• EVGA FTW3 GTX-1080Ti (11GB, factory overclocked)
  • 32GB G.SKILL DDR5-6000 RAM
  • WD_BLACK SN850X 2TB NVMe SSD
  • Noctua NH-D15 CPU cooler

If you have a local MicroCenter — by all means use it.

Here, I will note that the GTX-1080Ti is a GPU that was “too good.” Nvidia released it to the market — only shortly — based on AMD’s performance claims about their upcoming Vega architecture … that ended up being exaggerated. Real-time raytracing hardware aside, the GTX-1080Ti with its 11GB of RAM is approximately equal in performance to the RTX-2070 Super and the RTX-3060 (but with more RAM), especially with older games — I would not trade it for either. The RTX-2080 is only ~10% faster in most cases. It seemed a foolish idea to consider upgrading the GPU at this time, not to mention — I didn’t have the budget for it.

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“No Man’s Sky” Featured in Apple’s January M2 Silicon Event

“No Man’s Sky” Featured in Apple’s January M2 Silicon Event

During Apple’s WWDC 2022 keynote back in June, Apple announced that No Man’s Sky would be coming to the Mac, featuring the game as an example of one of the first apps to utilize Apple’s new Metal 3 graphics API along with one of the new features it brings, MetalFX upscaling. During the demo, Apple’s Senior Director of GPU Software, Jeremy Sandmel, said that the game would be “coming to the Mac later this year.” And in early October, Hello Games’ front man Sean Murray tweeted,

2022 has already been a busy year for No Man’s Sky – Sentinel, Outlaws, Leviathan, Endurance, SteamDeck, MacOS, PSVR2, Switch and several expeditions… and we aren’t done yet!

But as we saw, the year drew to a close without a Mac No Man’s Sky release. (Several other games slated for Mac release by year’s end were also delayed, for what that’s worth.) And, with 2023 underway, posts across various web forums from anxious would-be Mac Travellers have started to appear, asking about any updates on the status of the coming Mac release.

Those waiting anxiously may be pleased to hear that Apple held a press event today announcing new MacBook Pro laptops and Mac mini desktop models featuring new iterations of Apple’s M2 processor, and in that event, No Man’s Sky was again showcased, this time by Senior Engineering Program Manager, Mac, Erin Turullols, as can be seen in the bookmarked video clip below.

And the new Mac mini is also great for games, running demanding titles like No Man’s Sky at even faster framerates. With this supercharged performance, the new mini with M2 runs laps around the competition.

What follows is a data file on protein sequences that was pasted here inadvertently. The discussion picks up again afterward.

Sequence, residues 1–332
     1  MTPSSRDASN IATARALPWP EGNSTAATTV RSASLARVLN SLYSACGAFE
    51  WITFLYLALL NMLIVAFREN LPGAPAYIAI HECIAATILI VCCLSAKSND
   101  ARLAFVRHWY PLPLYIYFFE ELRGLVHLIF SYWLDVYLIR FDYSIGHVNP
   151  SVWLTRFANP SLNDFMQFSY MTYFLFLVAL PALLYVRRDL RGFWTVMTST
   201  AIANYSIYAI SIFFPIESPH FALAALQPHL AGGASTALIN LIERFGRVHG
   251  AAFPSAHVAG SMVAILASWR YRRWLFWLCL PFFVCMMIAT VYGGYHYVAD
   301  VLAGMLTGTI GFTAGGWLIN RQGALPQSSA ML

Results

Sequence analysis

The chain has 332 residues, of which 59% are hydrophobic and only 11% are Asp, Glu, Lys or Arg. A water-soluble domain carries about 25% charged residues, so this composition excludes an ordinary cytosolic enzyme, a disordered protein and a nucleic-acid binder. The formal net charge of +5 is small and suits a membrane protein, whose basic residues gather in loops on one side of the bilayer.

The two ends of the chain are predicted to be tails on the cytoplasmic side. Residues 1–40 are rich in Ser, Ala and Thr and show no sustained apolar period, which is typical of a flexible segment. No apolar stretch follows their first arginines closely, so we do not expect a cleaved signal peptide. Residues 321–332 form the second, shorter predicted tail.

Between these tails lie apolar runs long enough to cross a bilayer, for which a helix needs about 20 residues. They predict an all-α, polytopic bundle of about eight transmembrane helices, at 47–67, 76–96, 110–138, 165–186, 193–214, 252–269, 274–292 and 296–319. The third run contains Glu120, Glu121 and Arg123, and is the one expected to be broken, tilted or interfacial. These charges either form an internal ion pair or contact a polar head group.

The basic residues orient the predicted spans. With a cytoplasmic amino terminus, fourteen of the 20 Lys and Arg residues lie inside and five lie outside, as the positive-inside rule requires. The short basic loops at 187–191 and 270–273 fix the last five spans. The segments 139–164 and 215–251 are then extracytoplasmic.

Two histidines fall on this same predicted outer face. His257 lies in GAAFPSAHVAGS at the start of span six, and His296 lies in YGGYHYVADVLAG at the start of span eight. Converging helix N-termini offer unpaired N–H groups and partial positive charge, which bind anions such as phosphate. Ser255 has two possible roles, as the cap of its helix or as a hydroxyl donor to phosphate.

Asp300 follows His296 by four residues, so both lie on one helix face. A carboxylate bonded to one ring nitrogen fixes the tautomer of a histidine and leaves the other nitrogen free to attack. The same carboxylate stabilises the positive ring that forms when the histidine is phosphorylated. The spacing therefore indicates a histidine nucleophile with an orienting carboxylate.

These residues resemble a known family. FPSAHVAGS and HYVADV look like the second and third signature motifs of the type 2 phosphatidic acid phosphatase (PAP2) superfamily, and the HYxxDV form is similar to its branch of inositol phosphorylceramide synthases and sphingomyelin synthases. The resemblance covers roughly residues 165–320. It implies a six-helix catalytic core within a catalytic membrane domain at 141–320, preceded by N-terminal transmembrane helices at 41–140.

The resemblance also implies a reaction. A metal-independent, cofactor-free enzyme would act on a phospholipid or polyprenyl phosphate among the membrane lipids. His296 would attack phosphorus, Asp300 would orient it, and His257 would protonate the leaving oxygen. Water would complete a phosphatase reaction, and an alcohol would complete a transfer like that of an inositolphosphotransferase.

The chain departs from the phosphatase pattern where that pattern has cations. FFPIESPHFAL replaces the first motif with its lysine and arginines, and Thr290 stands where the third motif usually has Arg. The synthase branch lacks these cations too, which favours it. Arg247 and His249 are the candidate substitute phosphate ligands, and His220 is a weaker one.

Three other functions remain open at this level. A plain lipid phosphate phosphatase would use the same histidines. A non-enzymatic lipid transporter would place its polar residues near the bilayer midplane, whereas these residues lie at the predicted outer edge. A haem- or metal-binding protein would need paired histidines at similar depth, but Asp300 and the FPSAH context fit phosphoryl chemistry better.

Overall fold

The No Man’s Sky section of the event showed the game running on an Apple Studio Display, with a Mac mini and a Sony PS5 DualSense wireless controller by its side. There is little reason to assume that the demo footage shown in the video was actual footage of the game running on Apple hardware. More than likely, It was a PR clip from Hello Games, generated on a PC.

Unfortunately, no release timeframe was mentioned during the event, however, a bit of fine print shown at the conclusion of the video states that “No Man’s Sky will be available later this year.”

So, for anyone doubting that the game was still on the way — and there’s really no reason to have though that — the game is still on the way. Likely, No Man’s Sky will launch not only sometime in 2023, but soon. Some speculate that Hello Games is waiting for Sony’s Playstation VR2 launch for PS5 on February 22nd to release an update that takes advantage of the new headset while also using that opportunity to release the Mac version. That may be the case, or there may have simply been some setbacks in the development process that forced a delay in the Mac version’s release.

Whatever the reality, No Man’s Sky for the Mac will surely be here soon. (And for the iPad, too, if you believe what Apple stated in their web press release following the WWDC 2022 keynote, though as far as we’ve seen, Hello Games has made no mention of such a version anywhere else…)